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I THINK WE WOULD ALL AGREE that our youth need to know more about spending and saving money to prepare them for the future. To that end, NRTA: AARP’s Educator Community and JA (formerly Junior Achievement) have come together to educate young people about financial responsibility.
Through a grant from The AARP Foundation and The Hartford, NRTA is reaching out to Retired Educator Associations (REAs) to recruit volunteers for the JA program. Drawing on their teaching skills, retired educators are going back to the classrooms with ready-to-use, grade-specific lesson plans for kindergartners to high school seniors, teaching short units on budgeting and the importance of saving and spending wisely.
The spring 2008 pilot programs were held in four cities across the country: Chicago, Illinois; Columbus, Ohio; Phoenix, Arizona; and Washington, DC. Due to the overwhelming success of the pilots, the 2009 grants will cover 20 sites in 15 states. To learn more about JA or to become a volunteer, visit www.ja.org.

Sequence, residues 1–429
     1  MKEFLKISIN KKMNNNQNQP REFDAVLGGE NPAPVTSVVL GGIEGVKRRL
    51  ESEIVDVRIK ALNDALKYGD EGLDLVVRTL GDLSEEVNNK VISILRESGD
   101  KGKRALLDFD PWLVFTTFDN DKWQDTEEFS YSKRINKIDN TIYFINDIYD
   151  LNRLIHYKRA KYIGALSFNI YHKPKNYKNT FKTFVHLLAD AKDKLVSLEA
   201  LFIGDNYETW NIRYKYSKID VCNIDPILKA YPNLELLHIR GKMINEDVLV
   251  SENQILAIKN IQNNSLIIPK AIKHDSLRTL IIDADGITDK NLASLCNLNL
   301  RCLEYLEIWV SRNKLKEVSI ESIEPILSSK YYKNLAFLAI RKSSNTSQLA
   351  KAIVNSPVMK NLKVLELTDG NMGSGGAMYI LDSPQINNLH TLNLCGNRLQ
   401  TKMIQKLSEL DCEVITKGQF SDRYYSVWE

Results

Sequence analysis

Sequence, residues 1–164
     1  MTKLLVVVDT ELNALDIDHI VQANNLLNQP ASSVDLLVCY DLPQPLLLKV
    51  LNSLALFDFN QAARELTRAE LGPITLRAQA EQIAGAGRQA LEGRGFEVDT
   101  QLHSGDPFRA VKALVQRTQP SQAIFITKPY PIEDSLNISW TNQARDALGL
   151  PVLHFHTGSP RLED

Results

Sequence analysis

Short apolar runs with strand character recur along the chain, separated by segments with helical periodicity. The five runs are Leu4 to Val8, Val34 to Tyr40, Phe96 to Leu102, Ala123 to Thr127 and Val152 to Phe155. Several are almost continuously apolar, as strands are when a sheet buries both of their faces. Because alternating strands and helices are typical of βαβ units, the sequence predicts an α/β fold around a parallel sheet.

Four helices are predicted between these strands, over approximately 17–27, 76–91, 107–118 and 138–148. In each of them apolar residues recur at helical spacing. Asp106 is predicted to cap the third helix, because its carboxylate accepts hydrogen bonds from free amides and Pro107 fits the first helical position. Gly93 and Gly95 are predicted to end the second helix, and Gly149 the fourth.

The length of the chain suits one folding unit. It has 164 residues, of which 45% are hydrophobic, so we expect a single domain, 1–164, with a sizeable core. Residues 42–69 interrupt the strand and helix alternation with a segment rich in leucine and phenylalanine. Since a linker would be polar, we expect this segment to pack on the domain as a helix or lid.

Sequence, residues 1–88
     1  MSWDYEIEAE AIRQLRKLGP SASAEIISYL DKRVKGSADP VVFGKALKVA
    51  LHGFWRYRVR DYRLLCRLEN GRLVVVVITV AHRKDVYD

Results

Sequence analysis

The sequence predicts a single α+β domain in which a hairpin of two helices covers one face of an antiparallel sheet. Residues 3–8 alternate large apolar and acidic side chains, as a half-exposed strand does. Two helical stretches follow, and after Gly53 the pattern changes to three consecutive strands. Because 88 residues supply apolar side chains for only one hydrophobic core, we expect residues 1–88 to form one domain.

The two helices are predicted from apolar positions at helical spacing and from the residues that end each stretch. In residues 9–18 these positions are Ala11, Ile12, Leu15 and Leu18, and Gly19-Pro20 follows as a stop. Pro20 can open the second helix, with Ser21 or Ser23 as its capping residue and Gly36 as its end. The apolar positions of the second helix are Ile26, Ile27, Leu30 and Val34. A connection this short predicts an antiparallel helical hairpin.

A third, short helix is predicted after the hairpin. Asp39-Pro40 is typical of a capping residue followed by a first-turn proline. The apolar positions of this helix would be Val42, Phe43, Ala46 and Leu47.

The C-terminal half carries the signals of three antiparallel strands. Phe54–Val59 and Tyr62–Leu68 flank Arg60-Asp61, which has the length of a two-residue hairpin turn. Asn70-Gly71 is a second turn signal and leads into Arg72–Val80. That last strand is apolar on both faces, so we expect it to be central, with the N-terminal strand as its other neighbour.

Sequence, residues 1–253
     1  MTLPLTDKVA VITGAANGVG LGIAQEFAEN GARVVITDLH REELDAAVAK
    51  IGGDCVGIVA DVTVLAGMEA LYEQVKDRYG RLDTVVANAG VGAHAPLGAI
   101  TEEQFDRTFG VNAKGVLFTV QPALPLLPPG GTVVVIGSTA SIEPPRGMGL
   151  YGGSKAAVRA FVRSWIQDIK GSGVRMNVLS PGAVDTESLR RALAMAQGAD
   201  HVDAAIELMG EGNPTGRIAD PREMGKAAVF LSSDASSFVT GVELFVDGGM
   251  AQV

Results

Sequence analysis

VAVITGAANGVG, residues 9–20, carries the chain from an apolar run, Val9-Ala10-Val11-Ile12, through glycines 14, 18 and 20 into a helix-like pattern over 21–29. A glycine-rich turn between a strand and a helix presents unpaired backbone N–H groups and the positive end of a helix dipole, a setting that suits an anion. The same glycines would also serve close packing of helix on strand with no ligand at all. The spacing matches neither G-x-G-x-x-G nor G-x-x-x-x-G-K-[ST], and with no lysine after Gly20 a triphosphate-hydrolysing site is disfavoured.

Since the economic health of all citizens is one of the tenets of AARP’s Divided We Fail program, it is gratifying to see our retired educators volunteering to help students learn skills that can last them a lifetime. Now that’s good news worth sharing!
With best regards,
Megan Stevens Hookey
Interim Vice President
NRTA: AARP's Educator Community